Actually, in all seriousness, Tom is the one of my characters who has been evolving the longest. I had the idea for a plumber with a minor psychic talent (less of a medium; more of a small, as the late, great Sir Pterry Pratchett would have said) many years ago—way before I was ever published. I remember one night in Budapest, sketching out ideas on a bar napkin. (This may sound pretentious, but is actually true. And pretentious.) All of which I promptly put on hold for years after, until I was a bit more confident with this writing gig.
But you know what? I like unglamorous professions for my protagonists. It’s fun. There are so many big, butch heroes out there with big, butch professions. I like writing about guys who don’t have all that going for them, but are sexy nonetheless. Witness my rat catcher in Caught! who was born out of a Yahoo group discussion on least sexy professions.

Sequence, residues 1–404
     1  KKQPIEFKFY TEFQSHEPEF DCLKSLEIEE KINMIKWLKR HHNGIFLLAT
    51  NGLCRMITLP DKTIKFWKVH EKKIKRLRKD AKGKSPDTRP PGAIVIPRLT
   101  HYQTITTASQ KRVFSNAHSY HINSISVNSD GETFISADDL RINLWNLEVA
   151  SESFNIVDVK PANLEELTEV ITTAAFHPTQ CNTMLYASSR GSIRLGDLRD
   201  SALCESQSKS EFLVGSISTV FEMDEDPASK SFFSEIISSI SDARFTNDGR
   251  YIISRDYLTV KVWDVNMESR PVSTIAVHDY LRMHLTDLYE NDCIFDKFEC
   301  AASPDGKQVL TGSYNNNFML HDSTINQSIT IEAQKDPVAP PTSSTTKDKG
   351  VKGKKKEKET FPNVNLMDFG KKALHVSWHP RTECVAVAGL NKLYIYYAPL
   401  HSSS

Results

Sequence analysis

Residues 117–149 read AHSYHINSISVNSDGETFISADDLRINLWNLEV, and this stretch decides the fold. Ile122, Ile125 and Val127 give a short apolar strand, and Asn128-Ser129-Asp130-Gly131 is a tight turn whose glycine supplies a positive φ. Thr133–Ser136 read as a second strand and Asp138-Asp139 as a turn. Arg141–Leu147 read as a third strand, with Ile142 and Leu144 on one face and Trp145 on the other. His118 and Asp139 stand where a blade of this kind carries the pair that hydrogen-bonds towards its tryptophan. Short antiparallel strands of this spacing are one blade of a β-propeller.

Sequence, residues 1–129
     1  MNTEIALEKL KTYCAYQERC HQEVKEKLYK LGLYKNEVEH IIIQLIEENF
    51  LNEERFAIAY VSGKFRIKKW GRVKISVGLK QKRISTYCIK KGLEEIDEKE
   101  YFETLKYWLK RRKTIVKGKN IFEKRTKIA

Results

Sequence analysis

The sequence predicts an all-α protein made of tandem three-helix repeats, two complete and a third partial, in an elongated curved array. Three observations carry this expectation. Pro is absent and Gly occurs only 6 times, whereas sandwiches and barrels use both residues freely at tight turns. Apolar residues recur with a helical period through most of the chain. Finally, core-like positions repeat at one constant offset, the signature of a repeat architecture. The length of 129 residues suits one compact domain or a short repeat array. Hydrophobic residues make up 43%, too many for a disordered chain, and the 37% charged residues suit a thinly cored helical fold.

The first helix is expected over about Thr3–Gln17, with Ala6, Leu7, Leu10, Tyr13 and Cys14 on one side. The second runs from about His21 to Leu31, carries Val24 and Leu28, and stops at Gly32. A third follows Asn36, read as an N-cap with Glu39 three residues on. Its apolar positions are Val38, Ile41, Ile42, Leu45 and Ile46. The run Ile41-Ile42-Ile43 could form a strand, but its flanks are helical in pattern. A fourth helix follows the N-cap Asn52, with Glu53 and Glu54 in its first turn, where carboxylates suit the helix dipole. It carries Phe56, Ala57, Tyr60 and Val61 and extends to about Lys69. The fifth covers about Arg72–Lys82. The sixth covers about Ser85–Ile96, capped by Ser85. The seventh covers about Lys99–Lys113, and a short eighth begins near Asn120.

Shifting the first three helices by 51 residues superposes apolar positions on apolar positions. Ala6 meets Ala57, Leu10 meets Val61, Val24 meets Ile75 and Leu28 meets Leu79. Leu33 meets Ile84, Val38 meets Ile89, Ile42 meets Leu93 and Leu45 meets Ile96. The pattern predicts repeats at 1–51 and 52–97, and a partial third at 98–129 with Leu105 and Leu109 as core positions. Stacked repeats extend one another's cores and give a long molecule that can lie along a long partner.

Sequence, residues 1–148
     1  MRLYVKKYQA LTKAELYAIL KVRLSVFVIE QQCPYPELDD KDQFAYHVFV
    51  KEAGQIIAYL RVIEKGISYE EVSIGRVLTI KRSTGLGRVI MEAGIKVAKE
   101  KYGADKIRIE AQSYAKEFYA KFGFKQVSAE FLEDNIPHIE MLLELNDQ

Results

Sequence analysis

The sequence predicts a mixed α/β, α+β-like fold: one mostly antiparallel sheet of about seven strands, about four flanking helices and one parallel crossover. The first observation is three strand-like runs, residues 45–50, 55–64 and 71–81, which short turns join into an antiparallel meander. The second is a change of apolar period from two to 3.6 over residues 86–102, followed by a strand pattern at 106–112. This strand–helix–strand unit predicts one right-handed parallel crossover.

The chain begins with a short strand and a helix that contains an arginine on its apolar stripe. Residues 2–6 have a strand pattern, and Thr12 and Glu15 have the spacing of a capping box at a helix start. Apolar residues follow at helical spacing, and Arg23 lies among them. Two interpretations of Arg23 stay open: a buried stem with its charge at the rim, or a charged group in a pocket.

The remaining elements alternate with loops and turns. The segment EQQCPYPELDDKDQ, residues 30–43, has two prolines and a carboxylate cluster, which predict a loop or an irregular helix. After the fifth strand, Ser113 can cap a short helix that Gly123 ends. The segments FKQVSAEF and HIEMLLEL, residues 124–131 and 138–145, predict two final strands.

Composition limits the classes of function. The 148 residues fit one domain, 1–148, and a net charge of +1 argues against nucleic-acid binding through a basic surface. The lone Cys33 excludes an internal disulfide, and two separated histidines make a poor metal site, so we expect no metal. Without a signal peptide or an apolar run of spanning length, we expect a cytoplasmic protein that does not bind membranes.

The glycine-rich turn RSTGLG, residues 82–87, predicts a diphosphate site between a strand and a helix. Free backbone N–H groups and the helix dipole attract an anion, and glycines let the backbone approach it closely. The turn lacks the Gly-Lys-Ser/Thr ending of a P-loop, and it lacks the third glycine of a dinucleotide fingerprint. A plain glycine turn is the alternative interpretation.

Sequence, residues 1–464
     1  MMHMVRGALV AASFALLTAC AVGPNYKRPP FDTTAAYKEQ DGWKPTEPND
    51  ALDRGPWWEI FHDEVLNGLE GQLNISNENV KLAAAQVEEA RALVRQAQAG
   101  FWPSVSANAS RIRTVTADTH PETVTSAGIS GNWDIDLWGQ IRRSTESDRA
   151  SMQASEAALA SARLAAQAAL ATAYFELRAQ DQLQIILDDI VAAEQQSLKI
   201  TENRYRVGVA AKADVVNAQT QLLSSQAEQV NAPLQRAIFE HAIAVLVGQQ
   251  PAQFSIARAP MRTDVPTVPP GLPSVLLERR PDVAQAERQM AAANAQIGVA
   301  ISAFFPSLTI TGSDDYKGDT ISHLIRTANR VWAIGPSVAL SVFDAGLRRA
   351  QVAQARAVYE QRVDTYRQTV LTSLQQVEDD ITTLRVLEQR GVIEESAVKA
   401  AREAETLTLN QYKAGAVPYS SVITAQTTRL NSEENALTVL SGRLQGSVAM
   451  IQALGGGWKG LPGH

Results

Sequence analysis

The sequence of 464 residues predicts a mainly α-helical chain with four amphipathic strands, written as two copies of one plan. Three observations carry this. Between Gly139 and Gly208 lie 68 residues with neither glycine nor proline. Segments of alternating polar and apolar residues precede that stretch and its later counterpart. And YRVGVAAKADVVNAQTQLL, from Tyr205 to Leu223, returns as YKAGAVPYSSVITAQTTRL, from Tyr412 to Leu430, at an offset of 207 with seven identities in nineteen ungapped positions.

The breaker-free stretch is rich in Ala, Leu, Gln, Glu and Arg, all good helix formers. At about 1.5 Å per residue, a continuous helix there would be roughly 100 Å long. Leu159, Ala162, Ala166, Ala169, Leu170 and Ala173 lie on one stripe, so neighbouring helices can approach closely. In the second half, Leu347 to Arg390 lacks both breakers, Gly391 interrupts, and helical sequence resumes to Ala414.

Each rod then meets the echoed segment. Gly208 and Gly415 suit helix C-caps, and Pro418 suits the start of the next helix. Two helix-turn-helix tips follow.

(And, you know, that young man with the taps was rather good looking.)
JL - So tell us about the new book HEAT TRAP. This is the third one in the series, so that's usually a turning point. Is that the case here?
MM - Ooh, I did not know that. No, seriously, I didn’t. And yet... Tom will be at a very different place in his life, in some ways, in book 4. And no, I’m not telling you in what ways. No spoilers! ;)
Heat Trap has Tom and Phil coming to the aid of a recurring character in the books, Harry Shire, the landlady of the Devil’s Dyke pub—or rather, to the aid of her newest barmaid, Marianne, who’s being stalked by her ex. It’s set during a rare British heatwave, so fuses are short and tempers frayed all round...
JL - Do you have any food allergies? Do you have a funny food allergy story to share? Here on this blog We love stories about people who blow up like balloons, turn purple and start to choke. Do you have a story like that? ;-D